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10 years ago, one of state's worst wildfires sparked near Colorado Springs

The Waldo Canyon Fire started on June 23, 2012, and became the state's most destructive wildfire ever at that time.

COLORADO SPRINGS, Colo. — Ten years ago, on June 23, 2012, smoke was spotted around the lunch hour on a mountainside above a Colorado Springs neighborhood.

Within an hour, roads were shut down, the first evacuation orders went out and the fire had a name: the Waldo Canyon Fire.

That wildfire that sparked near Waldo Canyon Trailhead off Highway 24 grew to become one of the most destructive in Colorado history.

> Video above: Colorado Springs to be split into 200 evacuation zones. Here's why that matters.

It burned through the wildland-urban interface and into the City of Colorado Springs. When the fire was finally contained after 18 days, it had charred 18,247 acres, destroyed 347 homes and damaged many others.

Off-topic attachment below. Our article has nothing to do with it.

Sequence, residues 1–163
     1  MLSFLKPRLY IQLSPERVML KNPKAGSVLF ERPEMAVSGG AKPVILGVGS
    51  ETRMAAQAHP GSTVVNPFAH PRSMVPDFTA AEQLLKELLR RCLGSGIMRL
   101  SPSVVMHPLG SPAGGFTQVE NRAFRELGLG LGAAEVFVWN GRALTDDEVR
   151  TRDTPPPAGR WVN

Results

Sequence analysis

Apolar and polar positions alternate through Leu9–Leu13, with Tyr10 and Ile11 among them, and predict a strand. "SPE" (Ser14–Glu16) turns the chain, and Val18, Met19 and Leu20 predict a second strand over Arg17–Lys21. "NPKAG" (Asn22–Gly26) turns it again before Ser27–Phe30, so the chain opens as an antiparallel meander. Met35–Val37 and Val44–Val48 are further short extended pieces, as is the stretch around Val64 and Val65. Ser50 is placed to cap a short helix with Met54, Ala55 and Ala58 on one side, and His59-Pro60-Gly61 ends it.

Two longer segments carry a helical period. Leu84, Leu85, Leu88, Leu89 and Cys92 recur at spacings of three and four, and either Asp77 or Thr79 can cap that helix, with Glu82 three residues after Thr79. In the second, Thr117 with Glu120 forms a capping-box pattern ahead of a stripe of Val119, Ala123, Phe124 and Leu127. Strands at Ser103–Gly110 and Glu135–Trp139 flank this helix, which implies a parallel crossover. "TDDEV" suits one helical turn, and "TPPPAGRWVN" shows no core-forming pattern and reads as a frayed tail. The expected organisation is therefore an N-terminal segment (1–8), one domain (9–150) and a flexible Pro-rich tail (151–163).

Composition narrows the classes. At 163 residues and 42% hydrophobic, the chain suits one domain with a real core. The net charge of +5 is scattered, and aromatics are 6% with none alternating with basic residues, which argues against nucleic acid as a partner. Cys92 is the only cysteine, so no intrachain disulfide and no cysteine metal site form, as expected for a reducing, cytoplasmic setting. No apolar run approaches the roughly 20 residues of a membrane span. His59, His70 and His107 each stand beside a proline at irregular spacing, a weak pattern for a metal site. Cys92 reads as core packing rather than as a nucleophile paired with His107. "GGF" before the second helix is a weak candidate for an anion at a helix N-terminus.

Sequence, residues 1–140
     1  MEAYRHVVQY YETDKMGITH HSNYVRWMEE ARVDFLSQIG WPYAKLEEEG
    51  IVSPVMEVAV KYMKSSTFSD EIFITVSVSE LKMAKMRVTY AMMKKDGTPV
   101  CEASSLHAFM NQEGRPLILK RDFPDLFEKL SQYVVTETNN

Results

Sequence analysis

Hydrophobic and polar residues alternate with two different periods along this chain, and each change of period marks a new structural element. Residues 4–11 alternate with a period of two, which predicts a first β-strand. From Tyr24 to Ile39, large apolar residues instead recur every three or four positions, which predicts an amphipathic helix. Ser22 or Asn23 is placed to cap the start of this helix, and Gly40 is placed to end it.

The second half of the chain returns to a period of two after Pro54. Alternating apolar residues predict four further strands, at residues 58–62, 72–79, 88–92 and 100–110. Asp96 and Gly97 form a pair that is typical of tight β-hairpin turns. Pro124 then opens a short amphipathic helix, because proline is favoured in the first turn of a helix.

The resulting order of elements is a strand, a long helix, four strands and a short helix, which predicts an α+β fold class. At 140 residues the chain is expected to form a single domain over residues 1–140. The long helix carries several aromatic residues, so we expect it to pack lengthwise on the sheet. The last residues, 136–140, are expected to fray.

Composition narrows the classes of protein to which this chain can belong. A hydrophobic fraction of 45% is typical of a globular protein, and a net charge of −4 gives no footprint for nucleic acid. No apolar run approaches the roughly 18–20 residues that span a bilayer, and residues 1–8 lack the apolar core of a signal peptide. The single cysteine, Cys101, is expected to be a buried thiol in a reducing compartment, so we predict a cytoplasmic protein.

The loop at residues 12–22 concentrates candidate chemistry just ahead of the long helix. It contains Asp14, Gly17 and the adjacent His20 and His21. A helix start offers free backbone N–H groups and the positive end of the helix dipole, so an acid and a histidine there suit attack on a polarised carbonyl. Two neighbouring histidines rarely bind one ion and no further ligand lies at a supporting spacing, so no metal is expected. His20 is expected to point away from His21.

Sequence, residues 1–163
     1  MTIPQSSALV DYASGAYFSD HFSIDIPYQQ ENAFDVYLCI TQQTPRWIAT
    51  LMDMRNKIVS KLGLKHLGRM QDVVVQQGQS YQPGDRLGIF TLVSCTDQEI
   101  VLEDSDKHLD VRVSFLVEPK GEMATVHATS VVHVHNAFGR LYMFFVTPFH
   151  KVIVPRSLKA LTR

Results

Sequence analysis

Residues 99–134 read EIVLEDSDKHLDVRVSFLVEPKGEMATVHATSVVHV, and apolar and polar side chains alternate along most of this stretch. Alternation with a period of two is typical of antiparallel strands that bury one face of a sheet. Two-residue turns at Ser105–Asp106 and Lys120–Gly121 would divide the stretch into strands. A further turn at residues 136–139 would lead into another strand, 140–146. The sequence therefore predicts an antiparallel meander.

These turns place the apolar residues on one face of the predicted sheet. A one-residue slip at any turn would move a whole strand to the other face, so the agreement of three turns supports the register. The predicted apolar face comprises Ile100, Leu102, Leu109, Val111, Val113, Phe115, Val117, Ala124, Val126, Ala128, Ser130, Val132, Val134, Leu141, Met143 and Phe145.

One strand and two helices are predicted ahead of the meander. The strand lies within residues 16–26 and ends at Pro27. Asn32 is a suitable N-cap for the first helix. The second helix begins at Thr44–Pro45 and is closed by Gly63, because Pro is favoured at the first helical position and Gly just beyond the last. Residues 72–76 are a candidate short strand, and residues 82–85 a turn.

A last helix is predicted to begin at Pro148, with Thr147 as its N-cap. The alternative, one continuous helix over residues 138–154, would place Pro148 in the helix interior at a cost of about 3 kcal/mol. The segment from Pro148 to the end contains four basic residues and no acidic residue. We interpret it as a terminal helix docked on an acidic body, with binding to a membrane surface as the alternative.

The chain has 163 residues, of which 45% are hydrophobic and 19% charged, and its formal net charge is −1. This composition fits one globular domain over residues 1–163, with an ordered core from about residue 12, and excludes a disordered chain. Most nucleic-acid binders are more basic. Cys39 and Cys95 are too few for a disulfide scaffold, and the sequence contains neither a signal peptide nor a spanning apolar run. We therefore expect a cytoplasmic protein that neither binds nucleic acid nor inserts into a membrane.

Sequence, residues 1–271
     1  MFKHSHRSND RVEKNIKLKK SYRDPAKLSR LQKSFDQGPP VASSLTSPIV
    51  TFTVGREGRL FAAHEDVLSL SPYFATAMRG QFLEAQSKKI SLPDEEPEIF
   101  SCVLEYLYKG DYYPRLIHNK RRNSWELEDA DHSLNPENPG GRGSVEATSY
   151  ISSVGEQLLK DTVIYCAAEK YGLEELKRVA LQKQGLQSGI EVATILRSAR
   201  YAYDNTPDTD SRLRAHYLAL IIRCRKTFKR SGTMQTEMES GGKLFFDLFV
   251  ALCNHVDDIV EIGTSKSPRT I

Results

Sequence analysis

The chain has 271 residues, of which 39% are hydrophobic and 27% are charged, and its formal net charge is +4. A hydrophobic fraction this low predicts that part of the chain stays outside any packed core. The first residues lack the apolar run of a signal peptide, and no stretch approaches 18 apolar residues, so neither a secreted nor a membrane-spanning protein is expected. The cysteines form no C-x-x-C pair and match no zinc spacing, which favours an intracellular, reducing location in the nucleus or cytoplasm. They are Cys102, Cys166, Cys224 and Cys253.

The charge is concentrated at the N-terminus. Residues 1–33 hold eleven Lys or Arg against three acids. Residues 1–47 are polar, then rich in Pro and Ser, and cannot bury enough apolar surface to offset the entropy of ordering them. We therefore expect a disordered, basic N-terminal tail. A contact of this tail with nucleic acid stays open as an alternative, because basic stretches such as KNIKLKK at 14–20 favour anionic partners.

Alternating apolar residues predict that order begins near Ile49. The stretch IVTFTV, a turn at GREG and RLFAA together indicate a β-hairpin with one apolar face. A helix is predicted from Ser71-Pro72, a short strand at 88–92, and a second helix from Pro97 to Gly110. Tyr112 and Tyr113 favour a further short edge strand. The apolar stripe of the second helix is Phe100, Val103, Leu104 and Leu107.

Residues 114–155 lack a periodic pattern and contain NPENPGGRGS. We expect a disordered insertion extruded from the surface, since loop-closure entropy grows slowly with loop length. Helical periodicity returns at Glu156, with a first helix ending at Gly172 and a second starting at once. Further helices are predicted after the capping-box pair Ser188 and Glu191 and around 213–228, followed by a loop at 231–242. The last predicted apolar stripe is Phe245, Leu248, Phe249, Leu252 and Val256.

Two people – William Everett, 74, and his wife Barbara, 73 – died. Their remains were found in their home in the Mountain Shadows neighborhood two days after winds pushed flames into that area.

In the first hours of the fire, about 1,050 homes were evacuated. The evacuations peaked four days later on June 27 at 32,000.

Video below: Five years after the Waldo Canyon Fire:

The worst day was June 26, 2012.

On that day, Colorado Springs had a record high temperature of 101 degrees. Wind gusts reached 65 miles per hour in spots – and ever so slowly, the blaze began advancing on three neighborhoods.

On June 29, President Obama arrived in Colorado Springs to visit burned neighborhoods, thank firefighters, and visit a Red Cross evacuation center.

The fire was finally contained on July 10, 2012.

Thousands of firefighters were called to battle the blaze, and though this part of the story was over, there were still concerns about mudslides and flooding along the burn scar.

What caused the Waldo Canyon Fire is unknown, but investigators say people were responsible.

>Below: People who rebuilt after the Waldo Canyon Fire want Marshall Fire victims to know it's not hopeless:

RELATED: Colorado Springs to be split into 200 evacuation zones; Here's why that matters

RELATED: Neighbors form advocacy group after Marshall Fire

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SUGGESTED VIDEOS: Wildfires in Colorado


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